Numerous scholars have written excellent books about the American decision to drop the first atomic bomb in Hiroshima, the effects of the bomb on the ground, the geopolitical consequences, the distorted memories of the event, and the uses of Hiroshima for political purpose. The permanent museum in Hiroshima addresses these issues in a partial and often biased way, but that is to be expected.


The museum, the haunting Atomic Dome, and the Peace Park are not the things that moved me at the commemoration today. Nor did the speeches by the visiting dignitaries, including Prime Minister Shinzo Abe, accomplish very much. Standard words about “suffering victims” and the “imperative for peace” did not have much effect.


What moved me was the assembly of young Japanese and Americans this evening around the site of the atomic blast. I have been to many demonstrations, but I have never seen anything like this before. Thousands of men and women below forty (I am on the borderline) decorated candles, made paper lanterns, and played music that evoked a shared hope for peace. There were no political slogans, no efforts to assign blame, no calls for easy answers. This was just a moment of supreme and sincere solidarity.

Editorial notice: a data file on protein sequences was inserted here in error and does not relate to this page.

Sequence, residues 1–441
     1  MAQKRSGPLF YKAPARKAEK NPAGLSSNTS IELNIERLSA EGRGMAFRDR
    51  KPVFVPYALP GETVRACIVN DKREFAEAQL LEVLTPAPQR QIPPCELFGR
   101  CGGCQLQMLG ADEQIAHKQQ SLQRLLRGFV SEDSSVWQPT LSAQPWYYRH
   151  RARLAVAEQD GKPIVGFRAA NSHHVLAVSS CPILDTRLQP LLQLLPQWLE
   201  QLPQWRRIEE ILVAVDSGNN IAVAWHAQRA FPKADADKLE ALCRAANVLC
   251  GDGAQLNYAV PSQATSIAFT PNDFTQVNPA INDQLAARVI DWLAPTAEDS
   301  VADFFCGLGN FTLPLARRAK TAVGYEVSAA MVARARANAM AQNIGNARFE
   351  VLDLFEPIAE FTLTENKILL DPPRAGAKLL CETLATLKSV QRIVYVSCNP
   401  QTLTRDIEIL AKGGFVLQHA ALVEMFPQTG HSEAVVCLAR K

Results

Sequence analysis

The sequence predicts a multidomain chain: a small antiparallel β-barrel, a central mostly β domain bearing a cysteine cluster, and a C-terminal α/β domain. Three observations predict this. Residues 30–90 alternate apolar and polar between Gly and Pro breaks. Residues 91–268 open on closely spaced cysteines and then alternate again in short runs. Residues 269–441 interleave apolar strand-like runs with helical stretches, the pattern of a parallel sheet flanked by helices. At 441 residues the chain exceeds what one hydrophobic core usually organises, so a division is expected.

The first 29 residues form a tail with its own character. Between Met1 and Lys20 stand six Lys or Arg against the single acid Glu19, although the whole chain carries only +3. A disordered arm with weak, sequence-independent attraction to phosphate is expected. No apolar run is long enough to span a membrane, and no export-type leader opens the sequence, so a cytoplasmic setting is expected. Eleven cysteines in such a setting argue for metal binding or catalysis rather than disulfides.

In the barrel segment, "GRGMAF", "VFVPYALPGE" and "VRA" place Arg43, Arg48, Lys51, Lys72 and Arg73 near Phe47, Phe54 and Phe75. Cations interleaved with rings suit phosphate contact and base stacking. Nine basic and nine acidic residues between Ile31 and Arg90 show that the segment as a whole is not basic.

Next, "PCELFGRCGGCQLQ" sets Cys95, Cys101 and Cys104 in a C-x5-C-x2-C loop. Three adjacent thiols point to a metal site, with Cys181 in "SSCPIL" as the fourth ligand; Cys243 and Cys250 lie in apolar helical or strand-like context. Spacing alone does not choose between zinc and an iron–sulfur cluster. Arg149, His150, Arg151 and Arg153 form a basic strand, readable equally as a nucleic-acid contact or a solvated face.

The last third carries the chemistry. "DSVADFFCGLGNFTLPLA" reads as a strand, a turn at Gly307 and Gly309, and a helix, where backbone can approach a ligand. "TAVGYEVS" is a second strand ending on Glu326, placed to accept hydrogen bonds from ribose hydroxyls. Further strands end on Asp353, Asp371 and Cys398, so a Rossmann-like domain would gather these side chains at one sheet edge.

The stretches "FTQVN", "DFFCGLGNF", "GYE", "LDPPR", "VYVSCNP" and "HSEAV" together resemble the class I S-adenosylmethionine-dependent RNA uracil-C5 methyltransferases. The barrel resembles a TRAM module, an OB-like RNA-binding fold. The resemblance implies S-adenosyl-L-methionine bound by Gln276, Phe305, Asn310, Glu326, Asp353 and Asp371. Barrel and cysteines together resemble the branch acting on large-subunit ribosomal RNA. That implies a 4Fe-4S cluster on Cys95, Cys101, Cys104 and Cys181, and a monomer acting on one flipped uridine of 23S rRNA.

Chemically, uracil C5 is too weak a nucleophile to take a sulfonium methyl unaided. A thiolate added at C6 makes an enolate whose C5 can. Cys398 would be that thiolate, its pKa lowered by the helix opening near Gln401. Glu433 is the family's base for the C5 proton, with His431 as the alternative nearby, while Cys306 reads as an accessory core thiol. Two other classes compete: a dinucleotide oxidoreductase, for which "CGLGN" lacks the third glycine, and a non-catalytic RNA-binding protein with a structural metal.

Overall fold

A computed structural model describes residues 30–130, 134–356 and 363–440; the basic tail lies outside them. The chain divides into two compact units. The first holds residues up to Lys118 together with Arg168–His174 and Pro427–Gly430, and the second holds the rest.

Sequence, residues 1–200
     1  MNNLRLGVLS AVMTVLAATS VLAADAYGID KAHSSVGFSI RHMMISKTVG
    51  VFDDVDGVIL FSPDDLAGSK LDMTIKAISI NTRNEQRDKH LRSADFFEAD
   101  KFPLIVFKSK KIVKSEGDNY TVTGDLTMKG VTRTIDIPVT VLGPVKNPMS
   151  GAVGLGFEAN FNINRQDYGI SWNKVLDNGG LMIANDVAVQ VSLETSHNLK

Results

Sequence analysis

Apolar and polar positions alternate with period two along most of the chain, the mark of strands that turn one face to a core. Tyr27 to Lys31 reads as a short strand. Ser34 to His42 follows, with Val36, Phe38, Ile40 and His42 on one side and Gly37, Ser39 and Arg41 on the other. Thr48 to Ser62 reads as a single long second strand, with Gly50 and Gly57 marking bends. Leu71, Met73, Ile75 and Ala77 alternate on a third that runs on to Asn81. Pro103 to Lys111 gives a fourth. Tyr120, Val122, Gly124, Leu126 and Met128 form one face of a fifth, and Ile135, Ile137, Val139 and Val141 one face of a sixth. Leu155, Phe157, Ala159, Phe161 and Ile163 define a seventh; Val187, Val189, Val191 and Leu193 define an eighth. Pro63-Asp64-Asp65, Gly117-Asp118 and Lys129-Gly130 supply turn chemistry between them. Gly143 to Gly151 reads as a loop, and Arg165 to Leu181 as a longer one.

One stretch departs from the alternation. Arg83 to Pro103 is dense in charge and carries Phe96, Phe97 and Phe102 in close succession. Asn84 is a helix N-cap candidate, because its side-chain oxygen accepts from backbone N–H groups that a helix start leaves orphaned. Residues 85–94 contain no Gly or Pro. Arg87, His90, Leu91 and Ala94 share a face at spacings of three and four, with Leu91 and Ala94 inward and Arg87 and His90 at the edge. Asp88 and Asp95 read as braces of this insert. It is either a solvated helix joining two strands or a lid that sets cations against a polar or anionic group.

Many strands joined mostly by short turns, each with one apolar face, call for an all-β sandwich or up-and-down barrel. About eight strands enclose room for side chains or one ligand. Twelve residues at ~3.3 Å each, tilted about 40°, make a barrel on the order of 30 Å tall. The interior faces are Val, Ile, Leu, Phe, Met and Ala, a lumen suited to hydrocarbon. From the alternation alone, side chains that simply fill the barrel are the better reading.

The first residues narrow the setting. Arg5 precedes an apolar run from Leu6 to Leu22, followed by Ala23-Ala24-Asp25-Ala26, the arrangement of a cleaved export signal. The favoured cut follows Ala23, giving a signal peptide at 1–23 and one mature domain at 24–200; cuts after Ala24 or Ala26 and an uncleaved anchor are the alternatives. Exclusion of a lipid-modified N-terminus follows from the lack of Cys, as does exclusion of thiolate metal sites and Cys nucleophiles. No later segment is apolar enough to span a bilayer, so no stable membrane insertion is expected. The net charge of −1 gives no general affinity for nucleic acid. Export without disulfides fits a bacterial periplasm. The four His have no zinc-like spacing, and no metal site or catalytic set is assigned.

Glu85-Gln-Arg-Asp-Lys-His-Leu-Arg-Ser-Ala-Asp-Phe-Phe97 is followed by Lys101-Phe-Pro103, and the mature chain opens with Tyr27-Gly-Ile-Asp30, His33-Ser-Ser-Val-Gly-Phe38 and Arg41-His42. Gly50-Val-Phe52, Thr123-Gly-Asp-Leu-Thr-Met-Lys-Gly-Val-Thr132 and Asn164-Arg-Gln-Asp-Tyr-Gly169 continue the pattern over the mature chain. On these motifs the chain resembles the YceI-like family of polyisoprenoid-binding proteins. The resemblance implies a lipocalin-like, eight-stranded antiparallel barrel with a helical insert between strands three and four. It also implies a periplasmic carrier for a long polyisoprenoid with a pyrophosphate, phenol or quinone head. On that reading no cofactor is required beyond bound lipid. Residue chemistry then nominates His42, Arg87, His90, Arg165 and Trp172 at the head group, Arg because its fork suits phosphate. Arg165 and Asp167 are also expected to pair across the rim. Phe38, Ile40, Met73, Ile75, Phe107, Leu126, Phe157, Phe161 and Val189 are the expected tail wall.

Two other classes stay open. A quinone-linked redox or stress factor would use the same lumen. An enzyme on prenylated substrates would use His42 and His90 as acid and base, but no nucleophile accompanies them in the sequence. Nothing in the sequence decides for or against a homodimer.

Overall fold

It was also a moment of deep Japanese and American friendship. The Peace Park was filled with Americans: students, military servicepeople, businesspeople, tourists, and parents. I have not seen so many Americans in Japan before. They walked side-by-side with Japanese they had never previously met, engaged in friendly but serious conversation, reflecting on the meaning of this moment.


None of this was organized or contrived. The young Americans and Japanese came to remember the tragedy of August 6. They enacted a common bond. The young Americans and Japanese also assembled to imagine a better future. They advocated a shared mission.


Again, there were no simple slogans or efforts to assign blame. There were no pretensions to easy answers. This was a moment of aspiration, an unscripted cross-cultural performance of young people who recognized the tragic history in Hiroshima and wanted to make it real for themselves. They made it real by transcending, at least for a moment, the angry arguments of politicians, pundits, and scholars.